GAME REVIEWS

Wednesday, March 4, 2009

Soldier Blade

~ SOLDIER BLADE ~
Hudson Soft
HuCard
1992

Pre-release screens of this shooter caught my eye thanks to the often-depicted big-ass laser super-shot, which is absolutely awesome.


As cool as the energy overload weapon is, though, the featured boss assemblage is the game's pride and joy. Soldier Blade's multi-part machines can really take a beating, and they have lots of different weapons to hammer you with. Dismantling them is a pleasure.



The coolest fellows in the lot appear during Operation 6:


This craft utilizes the armaments of slain bosses before tearing pieces from the wall and chucking them at you...


...while this huge contraption can teleport you to distant spots in space...


...and that isn't the only trick he has up his sleeve.

The standard stage foes are a stout bunch for the most part, though some of them have a very-flat look about them; and by Operation 5, enemy redundancy becomes a bit of a problem. But the action is consistently heavy; SB's strips never reach the level of intensity that Blazing Lazers' last few stages attain, but they don't contain BL's stretches of dead space either. They also look a good bit better than decent. Operation 3's blasted-up city was drawn extremely well, as was the sixth-level base, but for whatever reason, I've always found the cloud depictions in Operation 2 most appealing.



The most interesting progression of events occurs in Operation 4:


You can see your enemies maneuvering below you before they fly up to assault you. After you fend them off and defeat a good, tough midboss...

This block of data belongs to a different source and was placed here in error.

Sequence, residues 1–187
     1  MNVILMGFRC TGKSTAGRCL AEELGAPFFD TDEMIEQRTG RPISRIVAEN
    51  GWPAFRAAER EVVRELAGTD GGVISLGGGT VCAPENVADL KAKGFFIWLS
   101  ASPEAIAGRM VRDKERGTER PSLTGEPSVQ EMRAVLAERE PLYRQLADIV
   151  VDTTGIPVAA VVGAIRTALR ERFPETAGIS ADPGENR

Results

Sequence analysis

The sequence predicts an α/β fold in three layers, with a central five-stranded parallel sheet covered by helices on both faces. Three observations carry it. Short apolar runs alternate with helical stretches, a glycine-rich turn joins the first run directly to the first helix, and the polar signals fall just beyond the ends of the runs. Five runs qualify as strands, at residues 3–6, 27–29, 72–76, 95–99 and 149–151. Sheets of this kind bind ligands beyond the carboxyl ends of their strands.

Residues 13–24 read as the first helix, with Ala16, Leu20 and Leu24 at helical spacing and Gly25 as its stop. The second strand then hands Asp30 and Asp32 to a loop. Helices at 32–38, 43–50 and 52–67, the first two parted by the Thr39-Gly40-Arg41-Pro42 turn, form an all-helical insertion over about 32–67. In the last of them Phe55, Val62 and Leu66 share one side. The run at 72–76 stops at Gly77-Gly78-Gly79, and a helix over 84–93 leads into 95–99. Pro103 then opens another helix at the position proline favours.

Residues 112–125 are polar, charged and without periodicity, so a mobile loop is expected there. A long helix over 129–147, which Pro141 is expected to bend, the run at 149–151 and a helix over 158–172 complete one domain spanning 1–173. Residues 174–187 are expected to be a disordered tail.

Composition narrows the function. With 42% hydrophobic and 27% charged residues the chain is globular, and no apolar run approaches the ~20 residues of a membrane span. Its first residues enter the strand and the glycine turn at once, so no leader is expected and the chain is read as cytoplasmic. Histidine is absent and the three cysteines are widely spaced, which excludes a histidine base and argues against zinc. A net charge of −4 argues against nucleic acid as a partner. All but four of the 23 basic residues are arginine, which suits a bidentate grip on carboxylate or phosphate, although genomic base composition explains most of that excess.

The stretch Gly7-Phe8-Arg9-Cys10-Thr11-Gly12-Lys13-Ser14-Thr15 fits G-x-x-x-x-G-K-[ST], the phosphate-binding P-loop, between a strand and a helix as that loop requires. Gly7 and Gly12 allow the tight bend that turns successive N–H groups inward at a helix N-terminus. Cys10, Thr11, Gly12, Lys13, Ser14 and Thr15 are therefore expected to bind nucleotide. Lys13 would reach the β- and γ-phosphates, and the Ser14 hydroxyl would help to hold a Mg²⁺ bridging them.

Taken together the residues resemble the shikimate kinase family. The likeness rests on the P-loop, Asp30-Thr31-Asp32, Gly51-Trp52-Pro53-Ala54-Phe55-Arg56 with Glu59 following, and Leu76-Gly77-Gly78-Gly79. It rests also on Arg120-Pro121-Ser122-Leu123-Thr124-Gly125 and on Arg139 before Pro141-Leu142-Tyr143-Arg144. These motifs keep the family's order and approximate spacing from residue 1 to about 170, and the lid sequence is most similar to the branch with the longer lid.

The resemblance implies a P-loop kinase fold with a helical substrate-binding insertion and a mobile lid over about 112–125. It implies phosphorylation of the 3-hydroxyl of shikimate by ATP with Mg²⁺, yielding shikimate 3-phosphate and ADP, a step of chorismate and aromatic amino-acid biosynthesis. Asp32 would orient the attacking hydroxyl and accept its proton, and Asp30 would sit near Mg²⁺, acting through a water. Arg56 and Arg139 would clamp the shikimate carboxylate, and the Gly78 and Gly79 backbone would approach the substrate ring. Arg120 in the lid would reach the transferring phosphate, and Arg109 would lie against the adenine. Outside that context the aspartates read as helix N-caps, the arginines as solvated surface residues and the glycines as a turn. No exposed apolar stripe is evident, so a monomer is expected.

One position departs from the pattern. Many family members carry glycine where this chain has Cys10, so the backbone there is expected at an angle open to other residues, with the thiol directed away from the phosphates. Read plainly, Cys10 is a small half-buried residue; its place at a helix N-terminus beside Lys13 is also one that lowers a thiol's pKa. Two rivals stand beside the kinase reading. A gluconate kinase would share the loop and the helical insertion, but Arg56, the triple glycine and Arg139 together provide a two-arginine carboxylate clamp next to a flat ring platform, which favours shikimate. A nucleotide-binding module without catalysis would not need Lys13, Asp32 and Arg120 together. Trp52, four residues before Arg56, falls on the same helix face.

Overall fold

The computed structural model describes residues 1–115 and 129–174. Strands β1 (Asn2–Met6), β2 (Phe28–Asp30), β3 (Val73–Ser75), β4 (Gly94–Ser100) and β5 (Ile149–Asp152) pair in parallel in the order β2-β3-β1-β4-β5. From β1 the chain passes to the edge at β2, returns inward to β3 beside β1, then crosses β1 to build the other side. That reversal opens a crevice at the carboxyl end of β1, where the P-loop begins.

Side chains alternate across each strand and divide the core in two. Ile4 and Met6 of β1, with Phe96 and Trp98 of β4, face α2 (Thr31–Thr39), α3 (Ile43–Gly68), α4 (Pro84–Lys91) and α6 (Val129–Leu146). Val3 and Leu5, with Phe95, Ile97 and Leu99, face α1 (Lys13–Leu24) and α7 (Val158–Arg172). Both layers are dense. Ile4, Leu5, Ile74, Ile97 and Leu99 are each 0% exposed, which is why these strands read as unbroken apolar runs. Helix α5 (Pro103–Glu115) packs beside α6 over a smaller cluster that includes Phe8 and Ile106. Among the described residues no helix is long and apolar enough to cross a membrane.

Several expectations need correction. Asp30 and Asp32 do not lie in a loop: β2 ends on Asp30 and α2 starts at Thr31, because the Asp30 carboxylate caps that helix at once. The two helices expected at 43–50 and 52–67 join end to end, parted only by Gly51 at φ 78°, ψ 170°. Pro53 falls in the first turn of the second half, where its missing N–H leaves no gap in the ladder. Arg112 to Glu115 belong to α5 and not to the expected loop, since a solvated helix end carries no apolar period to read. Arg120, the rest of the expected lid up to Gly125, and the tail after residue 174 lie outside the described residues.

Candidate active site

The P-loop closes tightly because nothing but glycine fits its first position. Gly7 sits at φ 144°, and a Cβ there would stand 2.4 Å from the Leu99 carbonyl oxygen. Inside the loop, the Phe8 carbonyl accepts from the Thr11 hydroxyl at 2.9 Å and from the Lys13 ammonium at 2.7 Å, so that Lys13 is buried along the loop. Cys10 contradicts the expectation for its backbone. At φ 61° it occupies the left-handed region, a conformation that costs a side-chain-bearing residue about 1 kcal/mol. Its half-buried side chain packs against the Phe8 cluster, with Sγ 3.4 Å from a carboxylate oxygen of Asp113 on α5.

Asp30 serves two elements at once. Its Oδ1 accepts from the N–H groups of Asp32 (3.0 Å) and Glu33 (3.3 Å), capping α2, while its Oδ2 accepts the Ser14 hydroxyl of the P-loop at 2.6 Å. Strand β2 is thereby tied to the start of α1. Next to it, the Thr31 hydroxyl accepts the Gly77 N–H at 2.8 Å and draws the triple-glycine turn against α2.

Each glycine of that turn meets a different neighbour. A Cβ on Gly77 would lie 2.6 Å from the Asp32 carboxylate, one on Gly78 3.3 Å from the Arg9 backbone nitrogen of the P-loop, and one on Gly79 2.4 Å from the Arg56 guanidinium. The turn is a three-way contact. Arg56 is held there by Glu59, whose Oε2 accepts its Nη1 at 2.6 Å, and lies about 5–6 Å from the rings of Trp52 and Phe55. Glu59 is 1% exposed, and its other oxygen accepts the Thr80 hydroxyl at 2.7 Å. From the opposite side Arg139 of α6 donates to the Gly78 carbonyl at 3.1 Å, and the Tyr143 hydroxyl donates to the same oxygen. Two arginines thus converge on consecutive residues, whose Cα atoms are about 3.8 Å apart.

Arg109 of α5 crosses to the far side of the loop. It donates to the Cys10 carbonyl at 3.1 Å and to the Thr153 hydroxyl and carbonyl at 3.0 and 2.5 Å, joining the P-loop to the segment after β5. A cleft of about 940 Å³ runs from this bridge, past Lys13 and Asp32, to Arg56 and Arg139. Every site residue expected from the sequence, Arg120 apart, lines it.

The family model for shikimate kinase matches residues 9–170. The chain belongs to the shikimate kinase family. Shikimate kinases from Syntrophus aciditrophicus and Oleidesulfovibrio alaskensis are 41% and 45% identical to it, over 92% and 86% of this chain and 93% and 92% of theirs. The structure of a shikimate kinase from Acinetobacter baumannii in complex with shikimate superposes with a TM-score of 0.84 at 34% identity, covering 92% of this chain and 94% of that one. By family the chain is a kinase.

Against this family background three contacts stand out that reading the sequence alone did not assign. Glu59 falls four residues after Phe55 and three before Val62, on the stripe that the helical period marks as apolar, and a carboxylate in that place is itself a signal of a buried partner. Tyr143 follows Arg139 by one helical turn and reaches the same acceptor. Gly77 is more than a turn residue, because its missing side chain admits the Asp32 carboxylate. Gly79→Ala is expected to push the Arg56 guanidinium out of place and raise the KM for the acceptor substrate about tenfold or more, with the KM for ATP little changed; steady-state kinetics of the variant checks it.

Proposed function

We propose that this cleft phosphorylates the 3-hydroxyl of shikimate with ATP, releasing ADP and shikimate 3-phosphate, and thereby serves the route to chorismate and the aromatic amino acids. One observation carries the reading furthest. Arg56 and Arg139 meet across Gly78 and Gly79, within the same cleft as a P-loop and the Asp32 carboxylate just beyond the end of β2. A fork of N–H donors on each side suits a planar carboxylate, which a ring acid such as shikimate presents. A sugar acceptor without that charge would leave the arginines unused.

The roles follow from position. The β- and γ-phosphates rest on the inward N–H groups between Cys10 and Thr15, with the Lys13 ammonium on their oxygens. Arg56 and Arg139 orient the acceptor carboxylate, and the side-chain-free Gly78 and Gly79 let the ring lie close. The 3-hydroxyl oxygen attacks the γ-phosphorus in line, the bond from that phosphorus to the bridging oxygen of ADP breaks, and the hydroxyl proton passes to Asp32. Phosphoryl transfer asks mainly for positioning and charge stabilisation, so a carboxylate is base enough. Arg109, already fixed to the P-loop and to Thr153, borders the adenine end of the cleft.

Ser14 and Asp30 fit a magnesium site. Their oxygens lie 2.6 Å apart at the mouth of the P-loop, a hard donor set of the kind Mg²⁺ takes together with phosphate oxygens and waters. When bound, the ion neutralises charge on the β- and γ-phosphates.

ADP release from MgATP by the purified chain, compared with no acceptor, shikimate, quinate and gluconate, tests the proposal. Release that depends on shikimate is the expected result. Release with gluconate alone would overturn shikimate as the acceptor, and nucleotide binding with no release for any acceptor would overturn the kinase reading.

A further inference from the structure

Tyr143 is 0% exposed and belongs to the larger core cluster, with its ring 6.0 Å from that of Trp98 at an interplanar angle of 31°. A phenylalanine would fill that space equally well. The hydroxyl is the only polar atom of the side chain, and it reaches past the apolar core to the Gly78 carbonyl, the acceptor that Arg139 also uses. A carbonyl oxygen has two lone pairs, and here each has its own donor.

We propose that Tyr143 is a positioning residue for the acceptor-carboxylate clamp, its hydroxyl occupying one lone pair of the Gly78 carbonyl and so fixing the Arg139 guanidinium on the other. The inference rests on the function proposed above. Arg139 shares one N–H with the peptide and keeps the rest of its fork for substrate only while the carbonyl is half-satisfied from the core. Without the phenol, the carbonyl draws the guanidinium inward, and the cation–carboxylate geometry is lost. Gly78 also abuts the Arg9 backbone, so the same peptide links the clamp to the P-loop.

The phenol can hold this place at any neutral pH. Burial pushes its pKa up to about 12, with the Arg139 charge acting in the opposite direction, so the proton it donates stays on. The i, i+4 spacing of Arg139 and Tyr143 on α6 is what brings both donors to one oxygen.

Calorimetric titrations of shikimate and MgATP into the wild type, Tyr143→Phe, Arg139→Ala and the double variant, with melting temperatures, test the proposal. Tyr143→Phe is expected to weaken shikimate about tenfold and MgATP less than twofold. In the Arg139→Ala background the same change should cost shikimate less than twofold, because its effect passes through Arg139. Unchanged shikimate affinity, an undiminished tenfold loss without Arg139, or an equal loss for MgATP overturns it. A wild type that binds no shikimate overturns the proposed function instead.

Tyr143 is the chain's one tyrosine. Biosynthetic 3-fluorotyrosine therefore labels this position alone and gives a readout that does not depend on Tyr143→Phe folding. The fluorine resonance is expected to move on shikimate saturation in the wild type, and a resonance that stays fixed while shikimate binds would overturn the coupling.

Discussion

...the ground opens up. Soar through the steel-lined fissure until you find a gateway that somehow sucks you into outer space...


...where a flame-throwing robot confronts you.

The music is nice, if not particularly special except in a couple of stages. SB has the sort of opening-level music that every shooter should have: the track flaunts a catchy hook and gets you involved and excited at once. And Operation 5's up-tempo number adds to that respective strip's intensity.



For some players, Soldier Blade might seem to lack a certain "wow" factor. The action and the visuals, while quite solid, never really reach a point where they could be considered mind blowing. This might be a concern since SB costs a decent chunk of change relative to most other chip shooters. I got mine on the cheap years ago and have never looked back, but knowing what I know now, I wouldn't hesitate to plunk down a good $30-40 for it. There's no question that it's one of the strongest chip verticals.

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